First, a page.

ter; but Langton never got more than a half support from Edward II, 'ad semigratiam regis recipitur' (Trokelowe, p. 64), and the ordainers, headed by the irreconcilable Winchelsea, soon turned against him. On Monday, 3 April, as Langton was sitting with the barons of the exchequer at the exchequer of receipt, an angry band of grandees, headed by the Earls of Pembroke and Hereford, burst in and forbade them to act any longer (Madox, Exchequer, ii. 266–8). On 13 April Edward strongly urged him to do his duty despite their threats (Fœdera, ii. 164); but power was with the ordainers, and Langton was forced to yield. Winchelsea excommunicated him for taking office against the injunctions of the ordainers. Langton now appealed to the pope, receiving on 1 May a safe-conduct to go abroad from the king, who still described him as treasurer (ib. ii. 166), and wrote to the pope begging for his absolution (ib. ii. 167; cf. 171, 178). Adam Murimuth the chronicler went to Avignon to represent Winchelsea (Murimuth, p. 18).
Langton remained some time at the papal court. In November Edward was forced by the ordainers to write pressing for a conclusion of the suit (Fœdera, ii. 186, 189). Langton was still away in February 1313; but the death of Winchelsea in 1313, and the reconciliation of English parties, again made it possible for him to regain his position in England. He remained in the king's council until the February parliament of 1315 insisted on driving him from office along with Hugh le Despenser (Monk of Malmesbury, p. 209). After the reconciliation of the king with the ordainers in 1318, Langton put before the new council a claim for 20,000/., which he alleged that he had lost in the king's service. He was asked whether he intended to burden the king's distressed finances by so large a demand, and answered vaguely, neither renouncing nor pressing his claim. In the end he received nothing. He died at his house in London on 9 Nov. 1321 (Flores Hist. iii. 200; Chesterfield, De Epp. Cov. et Lichfield in Anglia Sacra, i. 442; other writers say on 16 Nov.). He was buried on 5 Dec. in the lady-chapel of Lichfield Cathedral. His effigy, in Derbyshire marble, still remains, though in rather a defaced condition. It is figured on p. 16 of Hill's 'History of Langton.' His cousin, Edmund Peveril, was his next heir, and, despite all his misfortunes, he left land in eleven counties (Cal. Inq. post mortem, i. 300). He is described as always dealing moderately with the people as an official (Ann. Dunst. in Ann. Mon. iii. 400), and as 'homo imaginosus et cautissimus' (Hemingburgh, ii. 272).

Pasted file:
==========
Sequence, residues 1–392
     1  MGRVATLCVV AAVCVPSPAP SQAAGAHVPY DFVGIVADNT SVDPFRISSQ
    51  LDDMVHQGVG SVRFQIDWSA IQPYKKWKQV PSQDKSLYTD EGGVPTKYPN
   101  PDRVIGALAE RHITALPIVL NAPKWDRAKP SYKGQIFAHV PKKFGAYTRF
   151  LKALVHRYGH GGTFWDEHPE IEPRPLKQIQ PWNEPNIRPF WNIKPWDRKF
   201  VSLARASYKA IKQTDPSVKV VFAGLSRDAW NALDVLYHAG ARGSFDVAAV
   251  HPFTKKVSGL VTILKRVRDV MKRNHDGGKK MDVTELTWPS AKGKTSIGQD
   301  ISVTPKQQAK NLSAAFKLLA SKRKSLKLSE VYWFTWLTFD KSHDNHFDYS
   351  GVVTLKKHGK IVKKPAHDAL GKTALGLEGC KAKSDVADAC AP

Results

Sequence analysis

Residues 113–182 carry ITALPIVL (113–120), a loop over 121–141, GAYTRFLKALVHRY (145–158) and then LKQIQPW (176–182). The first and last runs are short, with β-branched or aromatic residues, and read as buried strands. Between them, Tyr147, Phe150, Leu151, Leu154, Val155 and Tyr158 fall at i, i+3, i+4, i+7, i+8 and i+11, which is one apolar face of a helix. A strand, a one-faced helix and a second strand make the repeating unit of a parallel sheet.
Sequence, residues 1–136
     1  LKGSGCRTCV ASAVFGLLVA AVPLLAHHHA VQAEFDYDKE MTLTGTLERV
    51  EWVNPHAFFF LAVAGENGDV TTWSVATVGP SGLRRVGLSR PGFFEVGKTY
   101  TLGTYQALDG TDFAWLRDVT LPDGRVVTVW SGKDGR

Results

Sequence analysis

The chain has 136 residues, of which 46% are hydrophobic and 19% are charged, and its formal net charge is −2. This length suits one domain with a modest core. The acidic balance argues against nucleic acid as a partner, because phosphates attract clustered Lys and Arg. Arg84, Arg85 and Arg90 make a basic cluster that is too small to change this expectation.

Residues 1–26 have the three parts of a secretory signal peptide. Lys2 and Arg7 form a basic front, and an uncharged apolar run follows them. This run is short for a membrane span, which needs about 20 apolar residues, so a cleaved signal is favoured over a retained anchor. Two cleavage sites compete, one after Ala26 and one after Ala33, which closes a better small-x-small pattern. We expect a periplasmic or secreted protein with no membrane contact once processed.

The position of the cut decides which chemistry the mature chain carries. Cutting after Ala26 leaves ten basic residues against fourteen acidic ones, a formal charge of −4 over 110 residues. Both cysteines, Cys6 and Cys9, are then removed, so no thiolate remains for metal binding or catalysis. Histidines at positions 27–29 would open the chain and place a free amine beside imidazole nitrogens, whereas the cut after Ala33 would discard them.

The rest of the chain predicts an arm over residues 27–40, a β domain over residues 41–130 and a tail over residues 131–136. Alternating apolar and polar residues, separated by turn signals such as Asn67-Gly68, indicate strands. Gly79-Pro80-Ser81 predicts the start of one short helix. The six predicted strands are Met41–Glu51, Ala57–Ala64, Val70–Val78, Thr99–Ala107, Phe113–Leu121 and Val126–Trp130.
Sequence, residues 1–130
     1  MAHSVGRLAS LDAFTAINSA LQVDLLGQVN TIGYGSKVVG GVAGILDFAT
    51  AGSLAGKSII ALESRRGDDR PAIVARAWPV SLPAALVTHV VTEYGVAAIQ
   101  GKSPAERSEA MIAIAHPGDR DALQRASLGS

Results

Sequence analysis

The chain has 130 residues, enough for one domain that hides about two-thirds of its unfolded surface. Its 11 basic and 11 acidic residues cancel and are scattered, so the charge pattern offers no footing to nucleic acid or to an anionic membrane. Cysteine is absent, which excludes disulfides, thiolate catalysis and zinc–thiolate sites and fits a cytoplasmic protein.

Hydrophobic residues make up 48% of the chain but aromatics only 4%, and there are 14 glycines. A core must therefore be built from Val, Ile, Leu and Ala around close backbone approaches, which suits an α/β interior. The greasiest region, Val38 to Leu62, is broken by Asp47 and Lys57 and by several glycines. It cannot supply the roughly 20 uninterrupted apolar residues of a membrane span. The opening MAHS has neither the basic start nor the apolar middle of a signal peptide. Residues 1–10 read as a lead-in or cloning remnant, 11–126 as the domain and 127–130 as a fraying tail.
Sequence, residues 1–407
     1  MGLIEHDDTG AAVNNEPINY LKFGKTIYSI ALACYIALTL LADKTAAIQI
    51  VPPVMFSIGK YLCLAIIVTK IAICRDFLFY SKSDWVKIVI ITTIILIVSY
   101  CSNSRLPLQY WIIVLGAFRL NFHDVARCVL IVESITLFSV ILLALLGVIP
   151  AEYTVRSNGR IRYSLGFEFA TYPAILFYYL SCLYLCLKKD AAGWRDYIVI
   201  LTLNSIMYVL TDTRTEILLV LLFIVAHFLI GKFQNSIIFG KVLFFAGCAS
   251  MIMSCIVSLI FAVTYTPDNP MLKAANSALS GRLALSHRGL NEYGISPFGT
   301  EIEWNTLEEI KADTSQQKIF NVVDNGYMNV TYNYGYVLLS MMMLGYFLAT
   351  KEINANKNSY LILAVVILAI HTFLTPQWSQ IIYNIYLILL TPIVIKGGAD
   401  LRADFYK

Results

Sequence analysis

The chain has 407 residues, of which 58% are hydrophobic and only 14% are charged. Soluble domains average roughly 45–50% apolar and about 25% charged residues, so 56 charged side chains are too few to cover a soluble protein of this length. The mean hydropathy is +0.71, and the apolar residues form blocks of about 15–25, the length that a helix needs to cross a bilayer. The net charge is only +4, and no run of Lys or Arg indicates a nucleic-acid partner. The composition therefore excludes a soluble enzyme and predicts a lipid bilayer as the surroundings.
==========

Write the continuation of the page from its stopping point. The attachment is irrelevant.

Despite the cares of state Langton found time and money to be a munificent benefactor to his church and see. About 1300 he began the building at Lichfield of the lady-chapel in which he was buried. He left money in his will to complete the work. He also surrounded the cloisters with a wall, built a rich shrine for St. Chad's relics, which cost 2,000/., and gave vestments, jewels, and plate to the cathedral. He encompassed the whole cathedral close with the wall which enabled a royalist garrison to offer a stout defence to Lord Brooke in 1643. He erected the great bridge, built houses for the vicars, and increased their common funds. He built for himself a new palace at the edge of the close, rebuilt Eccleshall Castle, repaired his London house in the Strand, and repaired or rebuilt several of his manor-houses (Anglia Sacra, i. 441, 447; Stone, Hist. of Lichfield, pp. 22–3). He may have been associated with the fine new churches at Church Langton and Thorpe Langton (Hill, Hist. of Langton).
[Chronicles of Edward I and II, Cotton, Trokelowe, Flores Historiarum, Murimuth, all in Rolls Ser.; Hemingburgh (Engl. Hist. Soc.); Chron. of Lanercost (Bannatyne Club); Rymer's Fœdera, Record ed.; Madox's Hist. of the Exchequer; Wharton's Anglia Sacra, i. 441–2, 447, 451; Le Neve's Fasti Ecclesiæ Anglicanæ, ed. Hardy, i. 549–50; Calendarium Inquisitionum post mortem; Parliamentary Writs, i. 554–5, ii., iii. 729–31; Foss's Judges of England; Stubbs's Constitutional Hist. vol. ii.; Hill's Hist. of Langton; Stone's Hist. of Lichfield.]
LANGTON, WILLIAM (1803–1881), antiquary and financier, son of Thomas Langton (who in early life had been a merchant at Riga, afterwards at Liverpool, and who died in 1838 in Canada West), was born at Farfield, near Addingham, in the West Riding of Yorkshire, on 17 April 1803. His mother was the daughter of the Rev. William Currer, vicar of Clapham. He was educated chiefly abroad, where he acquired familiarity with foreign languages. From 1821 to 1829 he was engaged in business in Liverpool, during the latter part of the time as agent for some mercantile firms in Russia. Removing to Manchester in August 1829, he accepted a responsible position in Messrs. Heywood's bank, and in connection with that house he continued until 1854, when he succeeded to the important post of managing director of the Manchester and Salford Bank, which flourished under his rule for the next twenty-two years. He resigned in October 1876 in consequence of the complete failure of his sight.
During the long period of his residence in Manchester he was justly regarded as one of its most accomplished and philanthropic